While the ultimate decision was up to the leaders of Greece, the IMF, and the eurozone countries, I think we helped steer the conversation in a more pragmatic direction because of the credibility we had in Athens, Brussels and Berlin. We argued with the creditor countries that Greece had been saddled with an unsustainably high debt burden and that reform would only go so far with such a large debt overhang. At the same time, we encouraged the Greek leadership to think about how to demonstrate to its creditors that it had a credible roadmap for systemic economic reform, which was necessary. While a deal was reached and the worst of the crisis is behind us, we are not yet completely out of the woods. I believe the United States continues to have a role to play in supporting the parties as they move forward with discussions on Greece’s economic future.

Does the Eastern Med hold serious promise in terms of energy resources? What is the best way to go about their exploration and transportation?

The discovery of natural gas in Cyprus, Israel and Egypt – and the potential for discoveries in Greece and Lebanon – is an exciting development that could bring about not only economic prosperity, but also enhance regional security through cooperation, collaboration and integration.

Through my deep involvement in the diplomatic efforts throughout the region, I saw firsthand the impact “energy diplomacy” has already had and the potential for so much more. We have seen the strengthening of strategic relations between Greece, Cyprus, Israel, Egypt and Jordan. In combination with the Southern Gas corridor and the Trans Adriatic Pipeline, the Eastern Mediterranean can, and I believe will, become an important part of the diversification solution to Europe’s energy security crisis.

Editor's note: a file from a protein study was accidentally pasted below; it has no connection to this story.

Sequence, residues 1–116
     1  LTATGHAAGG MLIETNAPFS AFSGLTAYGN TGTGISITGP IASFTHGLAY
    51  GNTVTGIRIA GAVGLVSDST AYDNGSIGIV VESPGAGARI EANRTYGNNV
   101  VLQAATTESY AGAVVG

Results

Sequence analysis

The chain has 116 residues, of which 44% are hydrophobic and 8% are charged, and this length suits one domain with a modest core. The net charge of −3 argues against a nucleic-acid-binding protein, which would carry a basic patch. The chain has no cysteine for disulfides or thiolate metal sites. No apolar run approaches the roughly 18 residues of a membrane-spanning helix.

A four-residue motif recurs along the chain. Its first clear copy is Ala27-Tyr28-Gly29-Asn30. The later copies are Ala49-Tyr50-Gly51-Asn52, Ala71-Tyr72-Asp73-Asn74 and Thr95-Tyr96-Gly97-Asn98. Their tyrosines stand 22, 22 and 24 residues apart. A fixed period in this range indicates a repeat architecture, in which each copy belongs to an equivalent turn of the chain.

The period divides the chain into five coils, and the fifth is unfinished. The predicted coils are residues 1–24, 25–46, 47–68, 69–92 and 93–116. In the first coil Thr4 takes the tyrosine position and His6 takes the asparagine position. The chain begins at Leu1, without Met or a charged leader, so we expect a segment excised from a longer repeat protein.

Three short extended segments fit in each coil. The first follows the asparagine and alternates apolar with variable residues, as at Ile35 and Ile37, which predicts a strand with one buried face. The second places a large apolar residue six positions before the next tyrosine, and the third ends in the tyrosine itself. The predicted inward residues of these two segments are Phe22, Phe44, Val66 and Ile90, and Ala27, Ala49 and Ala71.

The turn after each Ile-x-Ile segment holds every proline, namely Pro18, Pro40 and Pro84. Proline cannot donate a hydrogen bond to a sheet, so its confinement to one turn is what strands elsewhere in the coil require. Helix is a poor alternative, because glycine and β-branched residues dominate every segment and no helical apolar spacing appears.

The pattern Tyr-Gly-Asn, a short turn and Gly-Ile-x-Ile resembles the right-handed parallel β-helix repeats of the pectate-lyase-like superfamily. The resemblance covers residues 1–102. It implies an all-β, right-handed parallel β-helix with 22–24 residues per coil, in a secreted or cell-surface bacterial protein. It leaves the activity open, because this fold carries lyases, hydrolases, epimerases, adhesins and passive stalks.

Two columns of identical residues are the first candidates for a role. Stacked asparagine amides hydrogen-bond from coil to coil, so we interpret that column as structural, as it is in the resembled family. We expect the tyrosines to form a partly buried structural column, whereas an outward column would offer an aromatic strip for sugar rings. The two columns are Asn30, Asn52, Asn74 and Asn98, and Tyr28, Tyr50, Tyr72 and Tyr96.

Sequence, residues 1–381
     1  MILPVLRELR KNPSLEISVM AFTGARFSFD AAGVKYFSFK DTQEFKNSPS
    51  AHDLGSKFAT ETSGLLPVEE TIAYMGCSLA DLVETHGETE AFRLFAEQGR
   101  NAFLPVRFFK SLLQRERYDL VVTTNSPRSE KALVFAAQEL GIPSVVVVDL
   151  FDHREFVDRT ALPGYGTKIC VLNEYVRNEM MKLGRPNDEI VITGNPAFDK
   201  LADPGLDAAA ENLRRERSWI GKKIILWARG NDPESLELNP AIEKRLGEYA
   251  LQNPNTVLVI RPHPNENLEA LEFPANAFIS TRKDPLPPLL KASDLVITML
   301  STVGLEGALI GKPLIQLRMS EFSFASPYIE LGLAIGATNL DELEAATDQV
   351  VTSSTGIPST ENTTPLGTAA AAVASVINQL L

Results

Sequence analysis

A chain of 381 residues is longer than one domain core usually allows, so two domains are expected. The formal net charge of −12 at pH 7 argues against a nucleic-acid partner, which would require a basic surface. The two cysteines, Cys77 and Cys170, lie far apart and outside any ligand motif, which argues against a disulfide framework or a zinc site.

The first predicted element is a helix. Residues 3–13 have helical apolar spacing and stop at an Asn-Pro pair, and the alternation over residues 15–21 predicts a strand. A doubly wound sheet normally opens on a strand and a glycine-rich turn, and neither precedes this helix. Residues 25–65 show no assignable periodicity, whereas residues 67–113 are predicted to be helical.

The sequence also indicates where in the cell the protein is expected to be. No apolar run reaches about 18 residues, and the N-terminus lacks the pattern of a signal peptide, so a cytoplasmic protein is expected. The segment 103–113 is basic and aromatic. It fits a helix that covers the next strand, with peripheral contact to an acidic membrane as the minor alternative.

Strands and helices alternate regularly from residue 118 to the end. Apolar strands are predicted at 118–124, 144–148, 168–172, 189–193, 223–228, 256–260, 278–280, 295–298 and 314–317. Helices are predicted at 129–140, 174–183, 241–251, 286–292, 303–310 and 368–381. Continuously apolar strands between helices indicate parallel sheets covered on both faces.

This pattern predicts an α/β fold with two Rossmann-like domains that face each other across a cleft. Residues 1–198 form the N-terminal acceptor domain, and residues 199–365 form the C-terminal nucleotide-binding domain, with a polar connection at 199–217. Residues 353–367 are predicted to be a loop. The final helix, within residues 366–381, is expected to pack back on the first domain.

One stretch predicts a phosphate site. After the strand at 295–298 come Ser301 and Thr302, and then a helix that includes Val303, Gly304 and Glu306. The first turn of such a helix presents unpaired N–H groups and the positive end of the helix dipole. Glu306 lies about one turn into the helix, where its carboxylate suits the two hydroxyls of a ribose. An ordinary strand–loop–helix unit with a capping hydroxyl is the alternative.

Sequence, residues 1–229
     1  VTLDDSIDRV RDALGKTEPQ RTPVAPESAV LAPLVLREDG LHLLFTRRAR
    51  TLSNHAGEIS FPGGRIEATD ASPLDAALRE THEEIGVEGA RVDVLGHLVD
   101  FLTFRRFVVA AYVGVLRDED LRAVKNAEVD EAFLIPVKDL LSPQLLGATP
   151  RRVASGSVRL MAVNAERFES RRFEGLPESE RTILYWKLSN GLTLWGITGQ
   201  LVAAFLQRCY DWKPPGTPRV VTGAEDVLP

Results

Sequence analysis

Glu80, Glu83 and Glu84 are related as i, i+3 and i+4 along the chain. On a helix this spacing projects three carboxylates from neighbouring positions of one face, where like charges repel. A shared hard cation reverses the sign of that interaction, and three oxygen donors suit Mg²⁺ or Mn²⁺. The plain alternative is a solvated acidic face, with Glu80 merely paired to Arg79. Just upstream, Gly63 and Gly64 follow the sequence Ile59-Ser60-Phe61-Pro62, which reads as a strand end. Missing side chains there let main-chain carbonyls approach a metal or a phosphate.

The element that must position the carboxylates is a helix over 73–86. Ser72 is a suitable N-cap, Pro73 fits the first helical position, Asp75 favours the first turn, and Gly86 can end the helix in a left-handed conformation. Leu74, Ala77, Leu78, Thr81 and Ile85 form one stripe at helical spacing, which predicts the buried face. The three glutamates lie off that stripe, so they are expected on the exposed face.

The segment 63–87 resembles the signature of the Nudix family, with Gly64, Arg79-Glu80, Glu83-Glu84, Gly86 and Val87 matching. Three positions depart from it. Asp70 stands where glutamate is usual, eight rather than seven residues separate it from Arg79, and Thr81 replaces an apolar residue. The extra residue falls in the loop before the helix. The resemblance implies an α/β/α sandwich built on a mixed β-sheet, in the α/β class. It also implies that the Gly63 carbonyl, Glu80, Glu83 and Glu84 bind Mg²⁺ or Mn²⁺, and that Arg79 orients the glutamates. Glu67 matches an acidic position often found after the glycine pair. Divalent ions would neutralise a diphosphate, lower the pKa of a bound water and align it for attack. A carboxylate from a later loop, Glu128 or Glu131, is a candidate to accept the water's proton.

This potential could be further maximized if a resolution of the Cyprus conflict is achieved, because it would unlock transport routes to Turkey and beyond. The countries in the region therefore need to focus on strengthening diplomatic ties and ensuring an attractive economic and legal environment to entice international energy companies. The success of the most recent bid round in Cyprus is a good indication of great interest and promise the private sector sees in this region.

There has been a lot of confusion about the goals of US foreign policy since January. Are you worried that this perception will erode US leadership around the world? Can it be reversed?

When US presidents speak about foreign policy, the entire world hangs on their every word. Foreign leaders, diplomats, politicians and pundits try to discern the meaning behind every utterance, tweet and gesture. That is why it is so important for this administration, like every administration that came before it, to clearly and consistently articulate its goals and interests.

I can understand why some confusion exists. One day we hear that NATO is obsolete, and only a few weeks later we hear that NATO is not in fact obsolete. For a NATO ally like Greece, this mixed messaging is troubling and disorienting. NATO has been the cornerstone of security and stability in the Eastern Mediterranean for many decades, and in my view, NATO will continue to play that role for many more decades to come. Greece has been a stalwart ally of the United States and has made enormous contributions to the Alliance, not just by meeting or exceeding the Wales Summit defense spending commitments, but also by sending troops to overseas peacekeeping missions.

Unfortunately, there are some who take security and prosperity in Europe for granted – questioning the value of our alliances, and indeed of the rules-based international order that the United States, Greece and other countries painstakingly helped to build over many decades after the Second World War. Don’t forget that the United States and Greece have been allies in every major 20th and 21st century conflict – from World War I to today’s fight against ISIS. Our alliance must never be dismissed or discounted as “obsolete.”

Notwithstanding the mixed messages coming out of the White House, we fortunately have a strong bipartisan consensus in the United States Congress on the need to invest in our alliances and promote international norms. Based on this consensus, I am confident that the United States will continue to play an important leadership role in the future. Administrations come and go, but the fundamental interest of the United States in a Europe whole, free and at peace is enduring and will survive the political turbulence we are currently experiencing in Washington.